• Skyler tells Walt that she “can’t remember the last time she was happy.” Walt might have left enough money behind for his children, but he can never be the great family man that he thinks he is.
  • Speaking of families, it is interesting to see Walt and Hank’s differing views on family. Last week, Hank, the show’s supposed hero, says “screw family” when it comes to bringing Walt down. Meanwhile, this week Saul proposed that Walt take Hank “on a trip to Belize” like he did with Mike. Walt refuses, saying that Hank is family. There is still one, little shred of humanity left in Walter White.
  • Where has Walt Jr. been? I’m guessing that he’s stuck in line waiting for a Grand Slam at Denny’s.
  • One last thing. This guy’s mustache:
“And what, pray tell, is the five-point-palm-exploding-heart technique?”
Thanks everyone for reading. I’ll be back again next week. And the next week. And many weeks over. I hope to hear some of your thoughts in the comments.

Movie Review: The Butler

“Cotton was all I ever knew.”

Pop quiz hotshot: Is this quote from the opening of “The Butler,” or a proposed sequel to “The Jerk.” Surprisingly, the answer is the former.
“The Butler” is a big historical drama that is filled with some shining moments, and some others where Lee Daniel is practically screaming “Give me an Oscar!” at the screen.
“The Butler” is based on an incredible true story. It is one of those stories that chronicles history from a character who was always behind the scenes as opposed to the forefront. Those stories can often be the most truthful, as observers tend to be a little more objective than participants.
Forest Whitaker takes on the role of Cecil Gaines, a man who was born to poor cotton pickers in the deep south. His mother is repeatedly raped by one of the landowners and his father is arbitrarily murdered right in front of him. The old woman who runs the house (Vanessa Redgrave) shows enough mercy to take Cecil under her wing and teach him to be a servant for faux-fancy white people. The name for this is something I choose to not reprint here.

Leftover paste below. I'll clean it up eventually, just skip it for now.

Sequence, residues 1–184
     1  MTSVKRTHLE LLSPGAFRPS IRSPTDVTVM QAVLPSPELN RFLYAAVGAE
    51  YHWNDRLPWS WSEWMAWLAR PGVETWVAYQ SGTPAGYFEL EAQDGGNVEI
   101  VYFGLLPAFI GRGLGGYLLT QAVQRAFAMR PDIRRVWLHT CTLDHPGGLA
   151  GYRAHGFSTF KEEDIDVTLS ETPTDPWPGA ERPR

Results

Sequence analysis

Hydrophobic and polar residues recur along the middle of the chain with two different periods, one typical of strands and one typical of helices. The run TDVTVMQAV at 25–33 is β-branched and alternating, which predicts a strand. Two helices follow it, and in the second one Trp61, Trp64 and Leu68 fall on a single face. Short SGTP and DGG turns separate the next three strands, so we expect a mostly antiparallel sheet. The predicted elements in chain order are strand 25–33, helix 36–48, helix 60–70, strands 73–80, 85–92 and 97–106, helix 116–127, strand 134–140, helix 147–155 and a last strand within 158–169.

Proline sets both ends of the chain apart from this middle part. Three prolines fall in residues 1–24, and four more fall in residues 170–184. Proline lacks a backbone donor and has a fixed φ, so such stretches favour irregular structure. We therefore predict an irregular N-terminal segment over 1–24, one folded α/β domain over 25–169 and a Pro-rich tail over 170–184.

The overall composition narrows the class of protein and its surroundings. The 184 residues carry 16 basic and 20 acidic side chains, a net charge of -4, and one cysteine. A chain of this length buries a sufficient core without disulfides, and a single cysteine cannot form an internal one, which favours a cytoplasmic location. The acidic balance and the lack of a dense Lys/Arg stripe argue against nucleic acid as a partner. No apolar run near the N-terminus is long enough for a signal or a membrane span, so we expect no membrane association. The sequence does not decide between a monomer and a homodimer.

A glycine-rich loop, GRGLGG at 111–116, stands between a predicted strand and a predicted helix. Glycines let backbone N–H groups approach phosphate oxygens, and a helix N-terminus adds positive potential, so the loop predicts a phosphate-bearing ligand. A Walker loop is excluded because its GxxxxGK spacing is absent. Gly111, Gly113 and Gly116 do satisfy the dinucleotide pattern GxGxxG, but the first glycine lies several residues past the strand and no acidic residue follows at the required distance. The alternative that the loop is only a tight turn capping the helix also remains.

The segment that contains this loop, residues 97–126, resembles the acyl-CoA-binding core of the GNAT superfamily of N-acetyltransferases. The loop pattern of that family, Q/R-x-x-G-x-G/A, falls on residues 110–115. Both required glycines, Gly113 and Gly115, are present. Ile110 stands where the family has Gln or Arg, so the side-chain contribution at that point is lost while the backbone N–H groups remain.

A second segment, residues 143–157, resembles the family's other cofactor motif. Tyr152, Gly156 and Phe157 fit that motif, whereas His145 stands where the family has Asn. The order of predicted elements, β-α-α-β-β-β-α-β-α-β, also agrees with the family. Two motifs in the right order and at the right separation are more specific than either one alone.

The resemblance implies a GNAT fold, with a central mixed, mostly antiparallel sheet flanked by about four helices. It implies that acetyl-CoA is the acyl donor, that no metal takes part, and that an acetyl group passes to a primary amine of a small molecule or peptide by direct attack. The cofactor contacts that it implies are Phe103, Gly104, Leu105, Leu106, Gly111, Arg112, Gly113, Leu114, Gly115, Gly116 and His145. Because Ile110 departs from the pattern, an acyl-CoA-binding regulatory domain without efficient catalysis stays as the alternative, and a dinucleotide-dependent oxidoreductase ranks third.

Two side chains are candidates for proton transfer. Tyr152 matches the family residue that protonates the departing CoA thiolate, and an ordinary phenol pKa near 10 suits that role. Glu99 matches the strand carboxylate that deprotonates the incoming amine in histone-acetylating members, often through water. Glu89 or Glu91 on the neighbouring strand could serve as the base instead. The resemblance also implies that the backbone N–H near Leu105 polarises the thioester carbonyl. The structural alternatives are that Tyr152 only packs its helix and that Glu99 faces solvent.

Cecil practices and becomes very good at his job. He learns everything there is to know about fine dining, from which fork is for salad to which one is for the meat, or however that works.* Cecil runs away from the plantation and ends up in one butler job after another until he finally hits the jackpot: White House butler.
Cecil remains the White House butler for nearly three decades. Once Cecil lands the job, “The Butler” becomes a montage of mid-20th century American history, with some insightful glances into the lives of the men who ran America. The balance between the screen time each president gets is sometimes bizarre. Cecil starts work during the Eisenhower administration. It’s unsettling for at least a few moments to see a surprisingly quiet Robin Williams play Eisenhower. James Marsden is a more fitting choice for JFK, yet we spend a very small amount of time with the much celebrated president. Perhaps Daniels and screenwriter Danny Strong figured audiences know enough about him by this point.